Link: visually impaired version of

Image: banner image of writer Chris High

Enjoy short stories? Click to read Chris High tales online.










Review: Books, Theatre, Albums, Movies and Gigs


The Empire Theatre, Liverpool
October 30 – November 17

Author: Andrew Lloyd Webber
Director: Trevor Nunn
Producer: The Really Useful Company
Cast includes: Chrissie Hammond, James Patterson, Zoë Curlett, Patrick Clancy, Louisa Barratt, Zak Nemorin, Joanne McShane, Dean Maynard, Tania Newton, Stuart Ramsay, Matthew Gould, Luke Jackson, Craig Turbyfield,
Running time: 2 hrs 45 mins

Image: Cats Tugger

If there is one show that deserves ninety-nine rather than just nine lives, Cats is it and, really, what more can be said about a musical that has swept the board of awards, has broken box office records across the globe and still maintains its popularity each and every time it hits the road? Not much, in truth, except that Cats is still more than capable of captivating and enthralling as much as ever.

Cats isn’t just big, it’s massive and this production of the show gathers that size to its heart and plays with it like, well, a small Panthera Leo would play with a small Rodentus Domesticus.

For those who don’t know, the story is adapted from T.S.Elliot’s 1939 collection of poems, The Old Possum’s Book Of Practical Cats, and tells of one special night of the year when all Jellicle cats meet at the Jellicle Ball and where Old Deutoronomy, their wise and benevolent leader, makes the Jellicle Choice before announcing which of them will go up to the Heaviside Layer to be reborn into a whole new Jellicle life. To accomplish this, the cats have to show Old Deuteronomy what their life has been worth.

Image: Cats munkustrapOf course, the beauty of theatre is that it can transport an audience to anywhere in the world and from the very first note this show has the audience out of their seats, whisking them away to a junkyard and keeps them there, transfixed by the stunning choreography, the beautiful costumes and the high quality of the singing, as each cat in turn recounts the essence of their lives. Added to this is that the cats engage with the audience, jumping down into the auditorium and sitting next to people as the action unfolds, and so brings a different, and at times surreal, atmosphere to the show.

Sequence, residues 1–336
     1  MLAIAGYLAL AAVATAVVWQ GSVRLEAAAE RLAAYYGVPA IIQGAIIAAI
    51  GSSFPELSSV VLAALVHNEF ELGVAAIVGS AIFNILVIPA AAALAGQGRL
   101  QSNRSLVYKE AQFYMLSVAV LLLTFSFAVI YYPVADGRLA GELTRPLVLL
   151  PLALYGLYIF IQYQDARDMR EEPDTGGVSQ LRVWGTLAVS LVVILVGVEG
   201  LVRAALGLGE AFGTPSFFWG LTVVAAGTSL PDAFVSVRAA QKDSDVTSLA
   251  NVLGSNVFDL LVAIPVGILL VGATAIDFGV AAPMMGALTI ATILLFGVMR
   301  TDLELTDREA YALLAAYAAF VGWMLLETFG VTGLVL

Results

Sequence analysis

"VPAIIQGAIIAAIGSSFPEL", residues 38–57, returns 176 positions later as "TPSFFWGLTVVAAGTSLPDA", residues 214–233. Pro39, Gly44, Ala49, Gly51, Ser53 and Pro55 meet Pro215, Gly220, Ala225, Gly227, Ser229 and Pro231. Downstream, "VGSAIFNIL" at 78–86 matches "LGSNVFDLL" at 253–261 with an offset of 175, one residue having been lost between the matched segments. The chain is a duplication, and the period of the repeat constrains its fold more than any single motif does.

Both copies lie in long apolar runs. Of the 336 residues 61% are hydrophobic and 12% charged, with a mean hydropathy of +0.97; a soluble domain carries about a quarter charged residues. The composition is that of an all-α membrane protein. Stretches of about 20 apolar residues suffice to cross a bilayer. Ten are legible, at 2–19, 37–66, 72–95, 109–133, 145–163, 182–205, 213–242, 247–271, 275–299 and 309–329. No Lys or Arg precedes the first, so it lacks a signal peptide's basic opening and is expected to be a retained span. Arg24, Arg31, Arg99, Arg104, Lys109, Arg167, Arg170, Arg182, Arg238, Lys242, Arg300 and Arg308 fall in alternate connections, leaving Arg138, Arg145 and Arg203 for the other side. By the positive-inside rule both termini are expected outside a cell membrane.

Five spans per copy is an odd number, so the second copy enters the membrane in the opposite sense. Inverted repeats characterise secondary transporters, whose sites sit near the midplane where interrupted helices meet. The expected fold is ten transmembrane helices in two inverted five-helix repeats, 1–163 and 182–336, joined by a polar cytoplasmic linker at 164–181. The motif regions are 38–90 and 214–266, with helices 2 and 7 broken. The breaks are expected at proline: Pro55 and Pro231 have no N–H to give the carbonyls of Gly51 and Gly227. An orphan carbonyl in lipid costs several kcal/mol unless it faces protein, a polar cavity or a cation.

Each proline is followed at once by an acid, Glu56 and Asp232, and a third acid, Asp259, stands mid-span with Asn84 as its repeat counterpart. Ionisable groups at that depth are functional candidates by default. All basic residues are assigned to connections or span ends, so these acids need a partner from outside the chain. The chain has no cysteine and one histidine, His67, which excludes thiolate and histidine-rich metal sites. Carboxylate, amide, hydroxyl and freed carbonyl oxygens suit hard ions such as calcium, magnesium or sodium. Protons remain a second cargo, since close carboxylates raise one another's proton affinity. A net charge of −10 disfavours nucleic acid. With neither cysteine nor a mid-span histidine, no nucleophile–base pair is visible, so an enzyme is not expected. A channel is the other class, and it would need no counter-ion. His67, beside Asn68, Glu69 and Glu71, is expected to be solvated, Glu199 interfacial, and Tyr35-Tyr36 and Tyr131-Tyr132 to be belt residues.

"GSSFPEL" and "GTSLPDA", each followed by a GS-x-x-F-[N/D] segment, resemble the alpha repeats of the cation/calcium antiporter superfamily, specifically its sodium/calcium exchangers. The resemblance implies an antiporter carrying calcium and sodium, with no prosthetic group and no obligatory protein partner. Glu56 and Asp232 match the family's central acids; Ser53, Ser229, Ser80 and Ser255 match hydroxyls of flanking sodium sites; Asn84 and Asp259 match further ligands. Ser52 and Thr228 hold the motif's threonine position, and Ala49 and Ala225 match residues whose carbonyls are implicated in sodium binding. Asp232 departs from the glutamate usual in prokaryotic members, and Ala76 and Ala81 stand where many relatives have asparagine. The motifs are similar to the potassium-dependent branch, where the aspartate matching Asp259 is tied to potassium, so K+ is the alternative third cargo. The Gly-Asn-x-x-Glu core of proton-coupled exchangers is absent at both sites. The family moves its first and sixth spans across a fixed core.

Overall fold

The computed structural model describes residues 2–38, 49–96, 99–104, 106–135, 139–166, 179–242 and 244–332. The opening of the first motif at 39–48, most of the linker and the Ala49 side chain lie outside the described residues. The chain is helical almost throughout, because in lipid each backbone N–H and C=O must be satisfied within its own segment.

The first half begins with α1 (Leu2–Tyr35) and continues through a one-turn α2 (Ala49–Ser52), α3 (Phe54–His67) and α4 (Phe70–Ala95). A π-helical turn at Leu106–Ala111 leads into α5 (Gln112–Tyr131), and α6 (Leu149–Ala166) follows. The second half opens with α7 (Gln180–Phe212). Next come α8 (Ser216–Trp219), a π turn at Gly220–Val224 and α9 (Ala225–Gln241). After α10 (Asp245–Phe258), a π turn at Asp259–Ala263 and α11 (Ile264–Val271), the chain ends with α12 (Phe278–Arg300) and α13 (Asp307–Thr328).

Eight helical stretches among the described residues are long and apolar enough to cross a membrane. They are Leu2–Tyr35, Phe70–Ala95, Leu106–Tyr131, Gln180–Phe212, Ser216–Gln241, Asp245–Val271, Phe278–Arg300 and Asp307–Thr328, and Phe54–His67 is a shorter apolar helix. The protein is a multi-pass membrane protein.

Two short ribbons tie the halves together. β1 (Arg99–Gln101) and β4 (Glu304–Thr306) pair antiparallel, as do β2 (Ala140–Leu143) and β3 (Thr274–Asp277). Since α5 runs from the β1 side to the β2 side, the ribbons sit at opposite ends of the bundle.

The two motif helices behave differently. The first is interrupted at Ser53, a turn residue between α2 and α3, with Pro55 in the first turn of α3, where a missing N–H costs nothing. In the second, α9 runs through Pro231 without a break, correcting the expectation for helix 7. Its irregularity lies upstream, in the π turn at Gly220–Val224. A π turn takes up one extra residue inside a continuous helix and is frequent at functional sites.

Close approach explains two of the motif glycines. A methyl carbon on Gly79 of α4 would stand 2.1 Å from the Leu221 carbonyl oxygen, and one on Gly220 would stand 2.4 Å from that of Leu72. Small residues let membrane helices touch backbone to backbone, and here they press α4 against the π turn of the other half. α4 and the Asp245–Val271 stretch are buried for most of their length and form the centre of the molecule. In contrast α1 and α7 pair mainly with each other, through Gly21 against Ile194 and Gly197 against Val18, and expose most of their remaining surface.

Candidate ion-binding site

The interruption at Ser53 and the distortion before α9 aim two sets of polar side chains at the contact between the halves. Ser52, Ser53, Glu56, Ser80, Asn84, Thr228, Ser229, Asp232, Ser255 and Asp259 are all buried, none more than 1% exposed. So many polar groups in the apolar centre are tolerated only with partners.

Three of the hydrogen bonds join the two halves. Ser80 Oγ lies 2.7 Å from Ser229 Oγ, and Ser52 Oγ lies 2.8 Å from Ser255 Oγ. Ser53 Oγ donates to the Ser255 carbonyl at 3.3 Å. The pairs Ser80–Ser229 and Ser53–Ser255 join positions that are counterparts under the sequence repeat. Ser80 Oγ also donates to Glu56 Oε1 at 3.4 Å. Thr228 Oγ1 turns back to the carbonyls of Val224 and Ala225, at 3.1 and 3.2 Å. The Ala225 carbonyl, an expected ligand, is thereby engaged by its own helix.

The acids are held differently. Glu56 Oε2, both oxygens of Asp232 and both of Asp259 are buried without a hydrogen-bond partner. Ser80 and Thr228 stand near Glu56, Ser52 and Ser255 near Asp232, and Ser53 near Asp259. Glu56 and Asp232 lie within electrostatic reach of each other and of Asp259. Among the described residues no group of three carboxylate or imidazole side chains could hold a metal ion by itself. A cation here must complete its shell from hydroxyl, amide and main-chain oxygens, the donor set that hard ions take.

It is difficult to select only a few stand out performances, but Chrissie Hammond as The Glamour Cat, Grizabella, is quite simply superb, playing her part as the shunned cat of the pack who wants nothing more to return to the fold with so much emotion it is tear-jerking. Memory, of course, is THE song of the show and here Hammond matches anyone – including Elaine Paige – for the power in which the song is performed. Also excellent is Patrick Clancy as The Theatre Cat, Gus, who longs for the time when “theatre was what it used to be”, with such great depth of feeling.

The set is spectacular, the lighting dazzling and the music – well – the music is just faultless, though like all of Lloyd Webber’s musicals a little too reliant on one refrain. In short, there really is nothing bad to say about this show whatsoever, as special effect after special effect keep the audience’s eyes firmly on the stage.

Whether it is the first time or the hundredth that you have seen Cats on stage, it doesn’t matter because without doubt this production is as good as any that has gone before it.

LISTEN to Chris High on BBC Radio Merseyside talking about Cats.
Wednesday 07 Nov 2007



Image: Radio Merseyside Logo

Click here to view details and book for the Liverpool Empire Theatre



   Maybe you would like to add your comments to this review of 'Cats'?
If so - please feel free to leave your FEEDBACK

“Writing gets me away for a while' from this world and into one where I, alone, can make or
break the rules as I see fit.” - Chris High 2003.
Site designed and maintained by Steve Bennett 2007 all rights reserved